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Leisure Services

Posted on: May 6, 2019

Learn about School of Dance during July 29 open house

School of Dance students perform at CPAC

COOKEVILLE – It was only a moment – but it was powerful.

“We were all in a circle, reaching up,” Aasta Thurman said. “The spotlight was on us.”

Younger sister Ruby was backstage at the Cookeville Performing Arts Center, as she and her dance group were up next. But she could see the performance. And feel it.

“I got chills,” she recalled.

It was recital night — one of many through the years for the Thurman sisters, who have been part of the Leisure Services School of Dance for around 10 years. Jazz, ballet, modern dance… they’ve done it all.

Like so many other dancers in the program, Aasta, a sophomore at Cookeville High School, and Ruby, a seventh grader at Algood Middle School, look forward to August when a new season begins. They’ll spend a couple of nights a week in the studios at Cane Creek Recreation Center taking every class they can to improve their technique and interaction with fellow dancers in preparation for their May recitals at CPAC.

That time is only a few months away, and prospective students are invited to an open house July 29 from 4-6 p.m. at Cane Creek Recreation Center.

It'll be an opportunity to meet the instructors and check out the dance studio, thus kicking off the journey that leads to that special night at CPAC.

“When you’re on the stage, you get to reach these other people,” Aasta said. “It’s not the normal way you communicate — it’s this art form you’ve worked so hard to put together, so it’s really cool. It makes you feel alive.”

Ruby agreed.

“It’s just fun to express yourself,” she said.

And make it seem effortless.

“Like, the goal in ballet is to defy gravity so that you look like you’re floating,” she said.

There’s more to dancing, however, than fancy footwork, amazing stage costumes and getting pumped up before a performance. There’s a story to tell.

“We all come together to create this little story inside of a song, and we hope someone in the audience will feel something or that it will remind them of something,” Aasta said.

The School of Dance, now in its 21st year, was created to provide quality dance education for ages 3 through adult. Offerings include Dance for Young Children, Ballet, Jazz, Modern Dance and Pointe.

Carolyn Bennett, dance coordinator, emphasized that the School of Dance is not competitive.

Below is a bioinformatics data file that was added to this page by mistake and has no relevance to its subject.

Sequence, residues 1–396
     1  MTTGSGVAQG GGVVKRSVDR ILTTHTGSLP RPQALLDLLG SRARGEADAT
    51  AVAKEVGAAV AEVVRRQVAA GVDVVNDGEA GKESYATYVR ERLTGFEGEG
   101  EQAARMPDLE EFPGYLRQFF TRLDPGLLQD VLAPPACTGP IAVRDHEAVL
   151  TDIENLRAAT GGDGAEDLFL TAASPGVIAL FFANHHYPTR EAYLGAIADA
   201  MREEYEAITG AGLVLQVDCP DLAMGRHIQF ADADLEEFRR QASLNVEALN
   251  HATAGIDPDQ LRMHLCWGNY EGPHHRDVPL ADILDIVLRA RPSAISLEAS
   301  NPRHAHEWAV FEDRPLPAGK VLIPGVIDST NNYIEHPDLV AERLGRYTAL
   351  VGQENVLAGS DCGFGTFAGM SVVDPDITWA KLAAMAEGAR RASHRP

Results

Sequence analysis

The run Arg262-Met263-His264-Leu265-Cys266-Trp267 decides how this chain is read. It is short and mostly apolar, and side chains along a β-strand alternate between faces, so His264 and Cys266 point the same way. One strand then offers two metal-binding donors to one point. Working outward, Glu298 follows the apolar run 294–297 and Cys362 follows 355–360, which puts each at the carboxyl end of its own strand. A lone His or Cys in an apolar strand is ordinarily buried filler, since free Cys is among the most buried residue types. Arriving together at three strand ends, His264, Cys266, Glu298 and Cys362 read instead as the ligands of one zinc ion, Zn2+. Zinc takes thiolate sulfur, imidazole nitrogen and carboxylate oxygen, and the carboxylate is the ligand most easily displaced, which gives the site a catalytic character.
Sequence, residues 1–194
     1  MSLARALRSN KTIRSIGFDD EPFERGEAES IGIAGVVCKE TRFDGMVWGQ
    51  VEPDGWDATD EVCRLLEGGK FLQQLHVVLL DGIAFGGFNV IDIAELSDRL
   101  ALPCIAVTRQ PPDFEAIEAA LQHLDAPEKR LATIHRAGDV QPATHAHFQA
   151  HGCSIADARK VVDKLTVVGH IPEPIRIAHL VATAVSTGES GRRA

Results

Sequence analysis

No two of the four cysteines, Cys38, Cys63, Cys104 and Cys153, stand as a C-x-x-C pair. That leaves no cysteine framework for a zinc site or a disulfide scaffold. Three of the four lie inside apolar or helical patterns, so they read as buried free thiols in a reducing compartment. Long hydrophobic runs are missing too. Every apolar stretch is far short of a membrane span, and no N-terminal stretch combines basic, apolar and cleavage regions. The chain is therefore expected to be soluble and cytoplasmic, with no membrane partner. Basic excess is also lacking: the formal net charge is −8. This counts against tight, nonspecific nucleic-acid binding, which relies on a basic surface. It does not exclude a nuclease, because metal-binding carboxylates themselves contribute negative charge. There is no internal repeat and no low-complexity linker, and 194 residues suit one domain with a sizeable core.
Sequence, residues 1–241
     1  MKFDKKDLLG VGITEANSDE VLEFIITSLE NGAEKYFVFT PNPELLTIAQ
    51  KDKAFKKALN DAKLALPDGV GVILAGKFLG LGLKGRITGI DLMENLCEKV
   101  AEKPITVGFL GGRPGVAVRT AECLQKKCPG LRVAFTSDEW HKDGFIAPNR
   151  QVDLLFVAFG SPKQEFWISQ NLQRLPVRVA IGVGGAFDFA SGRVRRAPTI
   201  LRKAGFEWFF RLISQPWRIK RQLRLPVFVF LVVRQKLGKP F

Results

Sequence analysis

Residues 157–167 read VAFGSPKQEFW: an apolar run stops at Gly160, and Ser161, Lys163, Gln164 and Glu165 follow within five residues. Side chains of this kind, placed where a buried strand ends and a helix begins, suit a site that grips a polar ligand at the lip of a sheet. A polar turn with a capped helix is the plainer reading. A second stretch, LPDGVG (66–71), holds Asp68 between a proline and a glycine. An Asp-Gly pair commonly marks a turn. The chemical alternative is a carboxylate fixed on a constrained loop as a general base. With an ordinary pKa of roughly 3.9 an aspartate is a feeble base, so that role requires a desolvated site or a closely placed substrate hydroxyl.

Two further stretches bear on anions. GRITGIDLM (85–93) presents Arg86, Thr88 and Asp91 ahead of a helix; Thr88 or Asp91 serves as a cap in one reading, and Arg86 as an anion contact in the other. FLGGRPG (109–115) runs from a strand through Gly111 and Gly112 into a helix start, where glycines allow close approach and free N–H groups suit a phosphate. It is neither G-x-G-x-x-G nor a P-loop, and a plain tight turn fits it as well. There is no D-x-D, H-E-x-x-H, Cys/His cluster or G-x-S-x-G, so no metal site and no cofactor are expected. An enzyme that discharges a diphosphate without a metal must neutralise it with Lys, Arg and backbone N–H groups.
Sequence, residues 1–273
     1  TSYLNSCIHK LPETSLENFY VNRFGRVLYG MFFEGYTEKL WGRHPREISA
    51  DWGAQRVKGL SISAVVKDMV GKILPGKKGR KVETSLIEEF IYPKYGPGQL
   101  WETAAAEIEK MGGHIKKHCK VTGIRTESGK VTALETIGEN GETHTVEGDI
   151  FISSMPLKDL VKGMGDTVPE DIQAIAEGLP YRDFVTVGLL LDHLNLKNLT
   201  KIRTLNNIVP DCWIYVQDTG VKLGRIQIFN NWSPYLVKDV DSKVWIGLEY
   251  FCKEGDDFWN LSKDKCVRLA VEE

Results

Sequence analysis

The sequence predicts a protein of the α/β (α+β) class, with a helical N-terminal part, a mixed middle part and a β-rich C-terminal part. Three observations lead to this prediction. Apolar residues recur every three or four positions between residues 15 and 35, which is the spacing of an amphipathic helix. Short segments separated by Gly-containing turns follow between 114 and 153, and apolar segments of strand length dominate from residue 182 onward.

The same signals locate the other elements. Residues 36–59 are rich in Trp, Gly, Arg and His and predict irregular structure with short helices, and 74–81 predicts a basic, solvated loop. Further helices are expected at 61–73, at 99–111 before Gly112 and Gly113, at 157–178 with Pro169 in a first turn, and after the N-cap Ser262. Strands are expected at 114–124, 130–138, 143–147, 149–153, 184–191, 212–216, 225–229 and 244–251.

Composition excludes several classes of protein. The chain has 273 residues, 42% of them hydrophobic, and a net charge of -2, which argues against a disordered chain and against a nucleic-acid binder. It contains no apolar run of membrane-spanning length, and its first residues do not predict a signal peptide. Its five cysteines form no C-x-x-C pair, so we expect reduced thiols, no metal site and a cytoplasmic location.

“I like to say we are Cookeville Leisure Services, so we enjoy dance as a leisure activity,” she said.

Bennett joined the School of Dance as an instructor in 2007 and has been dance coordinator for two years. She works with the other instructors — Jenny Thurman (who also happens to be the mother of Aasta and Ruby), Maggie Pelton, Jan Carter Stumbo and Emily Clark — to coordinate schedules, determine class placement for students and assist in the shift from studio to stage.

Chad McDonald, Leisure Services cultural arts superintendent, said, “We are fortunate to have talented, educated instructors who focus on technique and inclusion. From the inception of the program, the goal has been to provide top quality dance education. This focus is a continuation of the ideals created by the founders of the Dance Arts Center. Mickie Akenson, Hatty Gill and Deby Rossie brought dance education to Cookeville and instilled a love for the art form in the community. It is our goal to continue their work.”

And it’s rewarding for the instructors — not only on performance night when their students shine before an audience after months of hard work, but on throughout their lives.

“One of our favorite things is getting to watch the dancers over the years and see the growth and progress they make, both as dancers and as individuals,” Bennett said.

Aasta and Ruby can attest to that. Both say dance has taught them how to take care of their bodies, stay active and even handle constructive criticism.

“It’s not just for the performance,” Aasta said. “It’s for our whole lives.”

They encourage others to try it.

“It’s not easy when you start,” Ruby said. “You have to work at it and just stick with it, and eventually it’ll click with you. It’s cool when those moments happen.”

For more information about the School of Dance, call CPAC at 528-1313. 

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